FOURNÈS, France — On a sultry September morning, Claudie Cortellini headed into the vineyards to survey the grapes that go into her family’s heady Côtes du Rhône wines. In recent years, she has fought to ensure a good harvest as the climate grows warmer. But these days, she is facing an even bigger foe: a giant Amazon sorting center slated for construction near her land.
The project, a concrete-and-steel behemoth that would span nine acres, promises to bring hundreds of jobs to the Gard, an agricultural region in the south of France. Tourists are drawn to the countryside to see a landmark of monumental beauty: the Pont du Gard, a 2,000-year-old Roman aqueduct that rises above the valley like a dusty jewel.
For Mrs. Cortellini and worried residents, however, the jobs are not worth the pollution and explosion in traffic the Amazon warehouse would bring.
“It is not a 3-D re-creation; we give the real image,” Simon said. “We see the surface of the court how it is, even if it has moved or just moved.”
This year, the U.S. Open became the first Grand Slam event to use almost exclusively electronic line calling, eliminating line umpires on all but two of its courts. Initial feedback was positive, according to Stacey Allaster, the tournament director, but the U.S. Open has yet to commit to using the same system in 2021.
Electronic line judging would most likely eliminate one current issue: umpires examining the wrong ball mark on the clay, which is a frequent source of tension with players. But if there is a switch to electronic calls, players will still be able to see the mark on clay, and it will not always match what technology records.
A Paris appeals court on Thursday upheld an order for Google to negotiate with media groups in a long-running dispute about revenues from online news.
The ruling came as the US internet giant announced it was close to a deal on compensating French media groups for news shown in Google search results.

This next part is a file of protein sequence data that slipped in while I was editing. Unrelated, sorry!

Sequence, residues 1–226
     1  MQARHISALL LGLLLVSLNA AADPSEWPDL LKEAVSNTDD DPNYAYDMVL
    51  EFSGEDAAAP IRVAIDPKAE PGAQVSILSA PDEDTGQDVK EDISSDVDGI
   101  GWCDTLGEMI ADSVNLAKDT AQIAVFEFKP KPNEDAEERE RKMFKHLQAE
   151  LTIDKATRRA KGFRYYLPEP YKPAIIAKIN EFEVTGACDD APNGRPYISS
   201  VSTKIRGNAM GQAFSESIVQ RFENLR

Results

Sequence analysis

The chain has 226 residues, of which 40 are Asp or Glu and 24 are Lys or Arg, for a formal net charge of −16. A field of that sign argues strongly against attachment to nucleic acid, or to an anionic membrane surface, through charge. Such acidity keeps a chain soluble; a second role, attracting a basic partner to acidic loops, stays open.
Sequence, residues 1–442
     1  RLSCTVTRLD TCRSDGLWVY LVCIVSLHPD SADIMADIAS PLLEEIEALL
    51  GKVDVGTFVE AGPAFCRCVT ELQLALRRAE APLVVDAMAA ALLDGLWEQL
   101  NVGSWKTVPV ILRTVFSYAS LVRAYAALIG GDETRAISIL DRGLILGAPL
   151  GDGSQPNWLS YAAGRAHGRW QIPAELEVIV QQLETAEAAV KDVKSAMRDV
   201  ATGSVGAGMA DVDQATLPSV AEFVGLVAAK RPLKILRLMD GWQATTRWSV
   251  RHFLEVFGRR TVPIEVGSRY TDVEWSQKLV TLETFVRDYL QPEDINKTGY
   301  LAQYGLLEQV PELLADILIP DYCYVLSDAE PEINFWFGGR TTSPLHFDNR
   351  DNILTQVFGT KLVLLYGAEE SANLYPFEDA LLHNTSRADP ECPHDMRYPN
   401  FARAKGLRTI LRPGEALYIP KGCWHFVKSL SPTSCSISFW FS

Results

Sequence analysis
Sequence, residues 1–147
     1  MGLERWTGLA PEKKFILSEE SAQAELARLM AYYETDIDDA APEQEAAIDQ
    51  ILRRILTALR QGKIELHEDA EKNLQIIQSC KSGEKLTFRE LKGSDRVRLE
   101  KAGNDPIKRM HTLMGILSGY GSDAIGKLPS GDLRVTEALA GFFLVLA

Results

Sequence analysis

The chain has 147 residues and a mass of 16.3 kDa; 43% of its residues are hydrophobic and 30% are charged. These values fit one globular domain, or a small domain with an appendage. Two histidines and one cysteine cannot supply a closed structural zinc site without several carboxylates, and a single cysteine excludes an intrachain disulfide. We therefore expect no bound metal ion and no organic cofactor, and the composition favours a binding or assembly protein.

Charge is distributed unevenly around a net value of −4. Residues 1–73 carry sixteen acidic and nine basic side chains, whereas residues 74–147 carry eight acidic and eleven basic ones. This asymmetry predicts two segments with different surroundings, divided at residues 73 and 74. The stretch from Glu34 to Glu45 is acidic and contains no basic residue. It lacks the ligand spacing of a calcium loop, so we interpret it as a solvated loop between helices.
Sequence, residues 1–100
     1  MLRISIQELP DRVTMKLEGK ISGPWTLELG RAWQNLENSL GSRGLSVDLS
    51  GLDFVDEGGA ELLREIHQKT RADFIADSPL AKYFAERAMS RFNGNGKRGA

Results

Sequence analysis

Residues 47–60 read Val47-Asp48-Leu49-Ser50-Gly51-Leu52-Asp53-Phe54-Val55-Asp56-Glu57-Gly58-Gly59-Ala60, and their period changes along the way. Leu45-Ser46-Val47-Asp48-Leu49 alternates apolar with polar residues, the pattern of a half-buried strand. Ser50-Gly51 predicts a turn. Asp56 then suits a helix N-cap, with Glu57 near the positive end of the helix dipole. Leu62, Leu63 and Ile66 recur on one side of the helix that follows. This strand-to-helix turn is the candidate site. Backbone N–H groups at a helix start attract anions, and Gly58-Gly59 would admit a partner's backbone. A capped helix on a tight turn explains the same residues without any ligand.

Such a deal would represent a climbdown by Google, which has so far refused to comply with new EU rules giving more copyright protection to media firms for news displayed on search engines and social media.
France was the first European country to ratify the law, which could act as a lifeline to newspaper groups grappling with shrinking print sales.
In April, the French competition authority ordered Google to negotiate with the press in good faith — a ruling it appealed, accusing the authority of overstepping its jurisdiction.
The appeals court sided with the competition authority.
France’s COVID-19 resurgence is palpable in the buzzing biology lab of a public hospital in the Paris suburb of Argenteuil
ALEX TURNBULL Associated Press
September 26, 2020, 2:26 PM
• 4 min read
ARGENTEUIL, France — France’s COVID-19 resurgence is palpable in the buzzing biology lab of this public hospital in the Paris suburb of Argenteuil.
Tube after tube arrive with new nasal swabs, now about 240 per day. And the lab director struggles to obtain enough reagents to keep up with escalating demand.
More than 1 million of France’s 67 million people took a virus test over the past week, putting labs like this under growing strain. Getting a virus test in Paris this month has involved long waits, both to be tested and to receive the result, complicating authorities’ efforts to trace the epidemic in real time.
“Since Aug. 15, we’re seeing a constant increase in the